The Fed at work and China snubs Putin

The consequences of a European war continue to dominate our economy and markets, as it does throughout Western Europe and, to some degree, Asia. Meanwhile, seemingly unaffected by the rest of the world, the US is blazing its own trail.


US corporate credit not yet stressed

Recession fears continue to dominate market headlines. This is most pronounced here in the UK and in Europe, where the energy crisis has made a downturn all-but inevitable. But investors are also worried about the outlook for the US, given it remains the preeminent global economic superpower. Declining business confidence and an aggressive Federal Reserve has led to fears that debt repayments will become too great, sending companies into bankruptcy. The US yield curve – measuring the difference in term payments between short and long-term government bonds – is still inverted, with investors getting paid less to lend over ten years than they do over two. This is often taken as a reliable recession indicator, as markets acknowledge the Fed forces them in the short-term into a high-rate environment – to slow the economy – which is seen above the long-run average.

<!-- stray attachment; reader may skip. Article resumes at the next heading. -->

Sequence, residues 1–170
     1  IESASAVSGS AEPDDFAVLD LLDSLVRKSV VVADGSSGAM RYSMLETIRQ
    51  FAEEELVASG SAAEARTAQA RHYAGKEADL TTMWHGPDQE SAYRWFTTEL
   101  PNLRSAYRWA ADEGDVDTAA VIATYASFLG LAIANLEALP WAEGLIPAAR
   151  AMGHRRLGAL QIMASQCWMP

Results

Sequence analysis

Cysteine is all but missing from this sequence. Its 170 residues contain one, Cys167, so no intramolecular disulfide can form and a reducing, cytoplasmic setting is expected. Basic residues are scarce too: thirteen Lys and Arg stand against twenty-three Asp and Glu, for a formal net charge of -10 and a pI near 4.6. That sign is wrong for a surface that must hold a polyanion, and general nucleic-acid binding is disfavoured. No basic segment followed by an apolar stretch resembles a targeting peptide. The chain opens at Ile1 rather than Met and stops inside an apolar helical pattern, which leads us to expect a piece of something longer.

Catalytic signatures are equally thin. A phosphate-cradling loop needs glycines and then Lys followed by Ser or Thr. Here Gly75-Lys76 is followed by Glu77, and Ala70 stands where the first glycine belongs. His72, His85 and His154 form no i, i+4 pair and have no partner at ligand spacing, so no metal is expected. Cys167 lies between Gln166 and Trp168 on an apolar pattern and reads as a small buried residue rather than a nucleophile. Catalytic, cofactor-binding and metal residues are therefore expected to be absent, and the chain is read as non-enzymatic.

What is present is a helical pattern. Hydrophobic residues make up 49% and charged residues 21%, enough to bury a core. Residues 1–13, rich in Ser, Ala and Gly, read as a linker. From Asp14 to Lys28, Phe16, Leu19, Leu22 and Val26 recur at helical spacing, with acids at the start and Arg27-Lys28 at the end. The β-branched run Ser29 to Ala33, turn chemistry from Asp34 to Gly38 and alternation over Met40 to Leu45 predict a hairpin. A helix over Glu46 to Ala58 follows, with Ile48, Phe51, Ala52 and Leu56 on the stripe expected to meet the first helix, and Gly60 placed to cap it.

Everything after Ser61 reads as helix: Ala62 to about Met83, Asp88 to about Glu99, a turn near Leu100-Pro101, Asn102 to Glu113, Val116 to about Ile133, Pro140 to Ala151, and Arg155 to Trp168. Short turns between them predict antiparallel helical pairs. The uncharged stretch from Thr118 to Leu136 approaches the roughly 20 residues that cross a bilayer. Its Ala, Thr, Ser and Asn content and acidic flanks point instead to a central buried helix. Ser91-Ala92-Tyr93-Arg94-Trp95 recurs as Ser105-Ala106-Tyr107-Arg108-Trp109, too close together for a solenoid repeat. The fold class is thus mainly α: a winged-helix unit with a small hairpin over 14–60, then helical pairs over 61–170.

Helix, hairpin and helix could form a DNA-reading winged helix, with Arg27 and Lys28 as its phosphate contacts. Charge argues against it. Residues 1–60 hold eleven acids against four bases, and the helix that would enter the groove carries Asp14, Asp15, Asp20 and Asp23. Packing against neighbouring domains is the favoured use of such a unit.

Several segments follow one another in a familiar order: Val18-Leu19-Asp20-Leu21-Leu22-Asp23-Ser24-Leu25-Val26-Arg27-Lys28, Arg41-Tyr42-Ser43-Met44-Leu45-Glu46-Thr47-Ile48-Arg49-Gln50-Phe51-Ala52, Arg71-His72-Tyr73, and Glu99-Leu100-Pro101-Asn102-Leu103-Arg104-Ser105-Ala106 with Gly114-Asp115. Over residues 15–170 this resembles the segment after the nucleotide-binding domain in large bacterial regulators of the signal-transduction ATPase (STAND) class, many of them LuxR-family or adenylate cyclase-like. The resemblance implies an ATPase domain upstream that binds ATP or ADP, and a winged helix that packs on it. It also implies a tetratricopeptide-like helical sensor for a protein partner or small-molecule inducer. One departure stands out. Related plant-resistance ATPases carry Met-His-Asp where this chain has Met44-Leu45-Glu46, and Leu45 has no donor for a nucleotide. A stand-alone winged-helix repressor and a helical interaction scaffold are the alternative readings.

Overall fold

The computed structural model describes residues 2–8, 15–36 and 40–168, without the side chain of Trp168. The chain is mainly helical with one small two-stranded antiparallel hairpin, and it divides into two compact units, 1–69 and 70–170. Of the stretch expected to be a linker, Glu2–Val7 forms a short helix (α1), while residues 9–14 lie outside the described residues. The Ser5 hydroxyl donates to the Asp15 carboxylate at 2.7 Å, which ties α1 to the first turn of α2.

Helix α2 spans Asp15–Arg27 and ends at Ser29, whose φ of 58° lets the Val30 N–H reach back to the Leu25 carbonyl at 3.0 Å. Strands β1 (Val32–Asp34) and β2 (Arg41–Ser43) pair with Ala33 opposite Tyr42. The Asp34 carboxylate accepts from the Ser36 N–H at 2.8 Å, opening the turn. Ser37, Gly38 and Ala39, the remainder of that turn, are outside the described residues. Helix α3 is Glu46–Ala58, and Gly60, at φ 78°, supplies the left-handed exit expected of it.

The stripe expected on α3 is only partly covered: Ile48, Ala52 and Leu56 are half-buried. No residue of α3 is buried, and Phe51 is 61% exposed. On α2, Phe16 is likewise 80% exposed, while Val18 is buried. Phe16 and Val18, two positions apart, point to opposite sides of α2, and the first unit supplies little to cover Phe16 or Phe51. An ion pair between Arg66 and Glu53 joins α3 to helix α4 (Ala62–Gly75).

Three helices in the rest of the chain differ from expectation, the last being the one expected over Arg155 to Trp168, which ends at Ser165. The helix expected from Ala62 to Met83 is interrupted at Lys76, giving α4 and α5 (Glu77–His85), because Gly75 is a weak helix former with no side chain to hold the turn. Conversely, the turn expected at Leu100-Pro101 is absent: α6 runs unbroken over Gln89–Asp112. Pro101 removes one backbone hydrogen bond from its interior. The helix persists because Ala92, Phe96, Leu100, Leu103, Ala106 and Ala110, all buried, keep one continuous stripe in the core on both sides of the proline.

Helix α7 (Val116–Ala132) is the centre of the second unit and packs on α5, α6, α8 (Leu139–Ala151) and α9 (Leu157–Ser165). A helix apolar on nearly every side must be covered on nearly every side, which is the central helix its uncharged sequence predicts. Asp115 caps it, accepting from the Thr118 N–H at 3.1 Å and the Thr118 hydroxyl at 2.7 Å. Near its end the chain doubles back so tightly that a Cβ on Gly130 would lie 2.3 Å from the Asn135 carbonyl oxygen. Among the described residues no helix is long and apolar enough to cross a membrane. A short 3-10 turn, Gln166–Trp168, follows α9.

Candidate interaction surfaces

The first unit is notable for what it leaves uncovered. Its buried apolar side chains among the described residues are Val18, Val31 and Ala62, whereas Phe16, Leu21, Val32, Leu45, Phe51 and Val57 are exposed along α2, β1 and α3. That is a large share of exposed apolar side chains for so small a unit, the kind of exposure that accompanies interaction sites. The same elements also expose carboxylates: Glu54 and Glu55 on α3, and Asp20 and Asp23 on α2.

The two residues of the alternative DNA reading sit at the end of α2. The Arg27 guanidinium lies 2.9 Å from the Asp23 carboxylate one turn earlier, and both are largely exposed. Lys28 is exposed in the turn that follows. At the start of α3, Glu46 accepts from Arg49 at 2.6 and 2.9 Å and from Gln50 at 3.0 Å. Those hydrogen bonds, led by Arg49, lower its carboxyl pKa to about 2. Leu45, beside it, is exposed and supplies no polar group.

US midterm elections in the balance

After Britain’s political shakeup, our attention turns across the Atlantic. The US midterm elections, when control of both Houses of Congress will be up for grabs, are less than two months away. The November polls are always worth viewing because, when America votes, the world watches.


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